Car burnt: Bersih activist blames cops

Syed Jaymal Zahiid | Dec 12, 07 4:27pm

Labour Resource Centre coordinator Abdul Razak Ismail was in the thick of action yesterday, as members of the Coalition for Clean and Fair Elections (Bersih) were stopped from entering Parliament House to submit a protest memorandum.
He had driven his green Proton Tiara to Parliament House with a key Bersih leader – PKR information head Tian Chua.
As they tried to move past a police roadblock near the building, they were stopped, dragged out of the car and arrested.
The next time Abdul Razak saw his car, the entire front part had been damaged by fire. He suspects that the police did this deliberately.
Police, however, told him that the vehicle had caught fire – due to a short-circuit in the battery – while being towed to the Kuala Lumpur contingent police headquarters in Jalan Hang Tuah.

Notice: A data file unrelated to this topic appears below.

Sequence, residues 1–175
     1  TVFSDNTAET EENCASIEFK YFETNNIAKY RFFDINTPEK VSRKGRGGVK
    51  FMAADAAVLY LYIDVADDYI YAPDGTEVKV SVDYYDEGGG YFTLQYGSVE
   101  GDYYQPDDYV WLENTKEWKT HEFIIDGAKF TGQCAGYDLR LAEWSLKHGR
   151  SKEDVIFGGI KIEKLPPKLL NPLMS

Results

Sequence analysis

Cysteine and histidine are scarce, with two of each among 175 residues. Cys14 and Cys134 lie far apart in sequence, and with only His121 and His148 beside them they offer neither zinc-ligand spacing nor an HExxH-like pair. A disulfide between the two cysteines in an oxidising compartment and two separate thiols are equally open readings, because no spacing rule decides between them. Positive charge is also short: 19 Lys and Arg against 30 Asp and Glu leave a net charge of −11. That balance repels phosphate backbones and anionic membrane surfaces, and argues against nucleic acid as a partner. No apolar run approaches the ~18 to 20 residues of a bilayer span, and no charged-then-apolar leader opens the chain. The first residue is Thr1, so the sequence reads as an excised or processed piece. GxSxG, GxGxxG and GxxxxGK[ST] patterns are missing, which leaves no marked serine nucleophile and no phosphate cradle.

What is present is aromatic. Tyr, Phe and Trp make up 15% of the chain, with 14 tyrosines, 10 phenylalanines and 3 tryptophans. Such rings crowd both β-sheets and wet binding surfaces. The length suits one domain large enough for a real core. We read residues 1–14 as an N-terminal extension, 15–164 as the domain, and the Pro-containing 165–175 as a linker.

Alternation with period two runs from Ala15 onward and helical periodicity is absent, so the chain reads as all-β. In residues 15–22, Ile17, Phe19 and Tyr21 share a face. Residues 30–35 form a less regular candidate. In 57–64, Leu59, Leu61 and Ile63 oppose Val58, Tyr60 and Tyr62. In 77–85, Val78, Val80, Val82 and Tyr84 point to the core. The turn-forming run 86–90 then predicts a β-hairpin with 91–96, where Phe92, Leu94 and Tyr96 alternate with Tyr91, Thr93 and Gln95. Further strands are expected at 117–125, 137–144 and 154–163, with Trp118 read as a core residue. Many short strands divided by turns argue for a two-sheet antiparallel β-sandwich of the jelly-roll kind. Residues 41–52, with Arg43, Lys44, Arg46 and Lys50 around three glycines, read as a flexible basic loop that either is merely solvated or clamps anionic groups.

“The reason is ridiculous. How would the battery short-circuit when the car cannot operate without ignition, and I was holding the car key,” he asked, when contacted.
“This is clearly (a form of) retaliation by the police because we did not cooperate. We gave them a hard time when they wanted to arrest us. And I think the police were even more infuriated when one of them got bitten by Tian.”
Both Abdul Razak and Tian have lodged separate police reports at the contingent police headquarters.

Cause being probed

When contacted, Sargeant Roslan Awang, the operational activities chief with the Tun HS Lee police station, said a report from the Fire and Rescue Services Department is pending.
Police will wait for the cause of the fire to be verified before investigating if there was any foul play involved, he added.
Outside Parliament House yesterday, 26 Bersih leaders and members were arrested but later released after having their particulars recorded.
All roads to the building were blocked, and a heavy police presence was mounted in and around Kuala Lumpur to prevent members from gathering in the vicinity of Parliament – action which was reinforced by a restraining order obtained from the KL Magistrate’s Court.
On Nov 10, Bersih had organised a mass rally in the city, drawing some 40,000 protesters despite prior police intervention. The coalition of 67 NGOs and five opposition parties was able to submit a memorandum for electoral reform to the King’s representative at the national palace.